Monthly Archives: January 2015

Logical Framework Analysis (Logframe)

There are four documents on this site directly related to logical framework analysis (logframe). Each can be accessed below. Also, there are two previous posts that provide guidance for writing statements for monitoring elements in a logframe; links are provided.

“Basic Elements of the Logical Framework Matrix”:  LINK  logframe basic elements This document describes the composition of the typical 4×4 matrix that is a summary of the logical hierarchy that connects the project goal, purpose, outputs and activities.

“Worldview Assumptions for Logframes” LINK logframe assumptions  This document identifies basic “worldview” assumptions that underlie the logical framework approach to project design. Cautions are raised for TE practitioners that fail to analyze the transformation implications of these assumptions.

“Logframe from a Project Monitoring Perspective”:  LINK  logframe project monitoring  This document highlights transformation aspects of the monitoring elements of a logframe.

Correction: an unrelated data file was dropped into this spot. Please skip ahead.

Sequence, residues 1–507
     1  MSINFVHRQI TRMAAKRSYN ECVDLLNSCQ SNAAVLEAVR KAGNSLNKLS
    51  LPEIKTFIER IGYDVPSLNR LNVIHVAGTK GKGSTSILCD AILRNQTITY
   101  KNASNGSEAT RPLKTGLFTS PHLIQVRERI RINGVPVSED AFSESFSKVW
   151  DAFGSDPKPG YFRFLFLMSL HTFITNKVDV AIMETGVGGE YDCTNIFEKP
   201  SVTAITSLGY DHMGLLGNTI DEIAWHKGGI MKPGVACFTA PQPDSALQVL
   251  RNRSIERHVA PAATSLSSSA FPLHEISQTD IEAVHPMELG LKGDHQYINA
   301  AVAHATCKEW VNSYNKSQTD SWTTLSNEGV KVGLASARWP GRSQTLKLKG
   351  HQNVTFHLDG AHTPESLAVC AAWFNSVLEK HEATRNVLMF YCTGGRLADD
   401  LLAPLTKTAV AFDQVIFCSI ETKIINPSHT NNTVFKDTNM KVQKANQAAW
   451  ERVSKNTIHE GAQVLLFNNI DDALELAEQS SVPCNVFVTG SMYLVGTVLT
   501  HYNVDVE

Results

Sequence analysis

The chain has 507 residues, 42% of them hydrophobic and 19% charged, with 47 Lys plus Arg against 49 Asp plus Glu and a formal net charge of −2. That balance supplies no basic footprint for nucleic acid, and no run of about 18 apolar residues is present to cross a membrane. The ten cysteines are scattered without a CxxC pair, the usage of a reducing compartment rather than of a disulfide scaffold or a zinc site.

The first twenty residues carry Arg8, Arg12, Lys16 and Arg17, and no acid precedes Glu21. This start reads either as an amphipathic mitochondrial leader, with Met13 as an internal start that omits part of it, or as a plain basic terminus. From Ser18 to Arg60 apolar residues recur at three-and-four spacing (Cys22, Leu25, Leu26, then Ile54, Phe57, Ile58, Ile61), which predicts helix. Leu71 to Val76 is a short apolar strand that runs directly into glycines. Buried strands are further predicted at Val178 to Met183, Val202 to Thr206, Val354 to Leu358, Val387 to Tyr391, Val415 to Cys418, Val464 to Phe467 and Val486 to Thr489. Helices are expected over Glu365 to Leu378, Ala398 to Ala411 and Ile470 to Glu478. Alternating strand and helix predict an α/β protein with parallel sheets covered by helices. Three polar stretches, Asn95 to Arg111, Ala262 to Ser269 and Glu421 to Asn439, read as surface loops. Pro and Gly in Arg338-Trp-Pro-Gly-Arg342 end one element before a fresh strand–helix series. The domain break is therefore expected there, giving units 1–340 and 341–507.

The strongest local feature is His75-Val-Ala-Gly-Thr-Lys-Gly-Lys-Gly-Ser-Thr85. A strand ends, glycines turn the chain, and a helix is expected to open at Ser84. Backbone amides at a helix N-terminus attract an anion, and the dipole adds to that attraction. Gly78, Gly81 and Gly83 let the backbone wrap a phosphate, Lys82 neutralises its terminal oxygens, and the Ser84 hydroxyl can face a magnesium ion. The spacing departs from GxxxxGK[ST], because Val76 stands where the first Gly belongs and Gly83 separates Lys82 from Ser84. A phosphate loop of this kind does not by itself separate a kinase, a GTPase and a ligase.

“Understanding work standards, project objectives and indicator results”:  This post describes basic similarities and differences between statements that function as standards, objectives and indicators. LINK

 “Principles for reviewing a project monitoring system”:  This post includes suggestions for rigorously stating standards, objectives and indicators. It is helpful in preparing the contents of a logframe matrix, and in reviewing an existing logframe. LINK

 “Using Logical Framework to Plan an Evaluation”:  LINK logframe for an evaluation  This document shows an example of a logframe for an evaluation exercise, where the evaluation exercise is viewed as a project.

As always your comments are welcome.

From Conclusions to Provocative Propositions

Evaluation conclusions and recommendations often do not inspire imaginative thinking about the future.  A provocative proposition describes what the organization would look like if it were designed to maximize the best practices, the peak experiences, in a sustainable way. I have prepared a hypothetical case study to illustrate how formulating provocative propositions can be included in an evaluation exercise. The process can encourage organizational transformation that can be used by God for social transformation. Click LINK Provocative Propositions